To extract the honey you have to get the frames out of the hive. I talked about that in the last chapter so, once you have removed the frames and removed the bees, you can take the combs for extraction. Do remember to leave the bees some honey to feed on; don’t just leave them sugary syrup.

The next job is to transport your frames to the extraction area. His needs to be well away from the hives and in a place where the bees cannot gain access. Some people use their own kitchens, their garage or set up a shed as a dedicated extraction area. If you are using your kitchen, just keep in mind that his does take time and can be messy!

Wherever you use, line the floor with plastic sheeting and then cover it with a good layer of newspaper. Put the extractor in the center of the floor and place a small table next to it. Put a large baking sheet on the table and your uncapping tool. Have a bucket of warm water to hand, along with a towel – you will want to rinse your hands off during the process!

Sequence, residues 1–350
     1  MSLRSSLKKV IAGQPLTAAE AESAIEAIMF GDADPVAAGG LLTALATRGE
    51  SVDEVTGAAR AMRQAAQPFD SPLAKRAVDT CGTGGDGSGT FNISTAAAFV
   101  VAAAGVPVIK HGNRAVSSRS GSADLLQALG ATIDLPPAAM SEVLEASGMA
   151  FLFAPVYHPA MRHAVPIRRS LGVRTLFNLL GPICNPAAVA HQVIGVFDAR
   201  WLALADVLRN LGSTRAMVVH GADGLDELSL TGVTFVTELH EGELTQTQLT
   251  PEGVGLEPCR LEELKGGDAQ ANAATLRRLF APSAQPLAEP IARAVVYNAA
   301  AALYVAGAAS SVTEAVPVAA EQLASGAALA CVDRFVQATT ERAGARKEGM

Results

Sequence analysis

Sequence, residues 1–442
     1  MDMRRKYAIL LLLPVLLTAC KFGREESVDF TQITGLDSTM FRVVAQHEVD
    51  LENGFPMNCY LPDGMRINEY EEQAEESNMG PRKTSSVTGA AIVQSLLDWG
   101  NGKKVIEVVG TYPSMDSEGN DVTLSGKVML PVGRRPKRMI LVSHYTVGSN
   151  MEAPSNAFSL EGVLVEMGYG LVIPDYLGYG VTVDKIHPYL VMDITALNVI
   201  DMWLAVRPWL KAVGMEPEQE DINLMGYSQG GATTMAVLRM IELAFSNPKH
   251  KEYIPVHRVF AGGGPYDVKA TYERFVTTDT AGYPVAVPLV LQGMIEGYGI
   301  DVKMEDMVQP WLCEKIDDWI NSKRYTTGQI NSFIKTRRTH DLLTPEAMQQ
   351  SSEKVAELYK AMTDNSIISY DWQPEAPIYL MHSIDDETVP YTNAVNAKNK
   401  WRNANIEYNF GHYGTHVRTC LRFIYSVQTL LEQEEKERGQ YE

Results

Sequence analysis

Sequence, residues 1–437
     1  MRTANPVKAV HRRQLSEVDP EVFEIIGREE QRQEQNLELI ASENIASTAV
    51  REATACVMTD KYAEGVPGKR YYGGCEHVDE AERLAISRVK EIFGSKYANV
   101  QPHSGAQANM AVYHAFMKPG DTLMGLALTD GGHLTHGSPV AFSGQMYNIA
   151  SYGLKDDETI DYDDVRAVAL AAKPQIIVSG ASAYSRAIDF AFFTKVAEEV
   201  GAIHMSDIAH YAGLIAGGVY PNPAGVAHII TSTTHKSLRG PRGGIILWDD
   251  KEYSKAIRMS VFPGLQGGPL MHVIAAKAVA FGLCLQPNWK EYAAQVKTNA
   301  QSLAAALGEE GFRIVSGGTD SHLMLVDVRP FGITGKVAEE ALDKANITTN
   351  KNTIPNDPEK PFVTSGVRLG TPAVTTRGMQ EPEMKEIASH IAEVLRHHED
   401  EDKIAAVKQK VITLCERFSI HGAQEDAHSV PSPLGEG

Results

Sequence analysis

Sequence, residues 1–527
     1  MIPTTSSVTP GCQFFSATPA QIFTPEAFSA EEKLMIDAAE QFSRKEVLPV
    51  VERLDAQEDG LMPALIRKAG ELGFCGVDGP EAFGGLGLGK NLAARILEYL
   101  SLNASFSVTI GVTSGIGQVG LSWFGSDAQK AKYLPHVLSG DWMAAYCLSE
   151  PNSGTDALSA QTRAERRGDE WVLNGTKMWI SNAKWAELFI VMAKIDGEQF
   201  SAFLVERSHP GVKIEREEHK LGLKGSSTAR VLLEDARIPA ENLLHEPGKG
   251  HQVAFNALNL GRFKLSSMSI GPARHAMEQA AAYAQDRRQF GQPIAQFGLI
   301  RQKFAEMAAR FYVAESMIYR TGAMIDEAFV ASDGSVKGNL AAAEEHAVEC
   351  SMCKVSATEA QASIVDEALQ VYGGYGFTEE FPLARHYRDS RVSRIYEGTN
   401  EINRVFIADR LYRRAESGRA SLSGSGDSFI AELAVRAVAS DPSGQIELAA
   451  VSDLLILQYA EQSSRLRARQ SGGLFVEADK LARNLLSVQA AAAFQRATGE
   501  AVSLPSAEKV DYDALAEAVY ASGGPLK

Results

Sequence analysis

Bring the supers into the extraction area and close the door and any windows. Remove the frames from the supers, one at a time. Hold each frame over the baking sheet and use your uncapping tool to remove the caps – start from the top and work down, then turn the frame and do the other side.

READ  What should a first hive inspection look for?

Set the uncapped frames in the extractor until it is full. From here, things get busy so it’s a good idea to have an extra set of hands for help!

Many beginners start with a hand crank extractor and crank in one direction for around five minutes.

Then repeat for another five minutes in the other direction. Check your frames – they should be very light. They will still have wet honey in them but will be almost weightless. Put the wet frames back into the super.

Once you have extracted the honey from all frames, the supers will be put on top of the hives. The bees will clean them and, within a day or two, they should be dry and empty.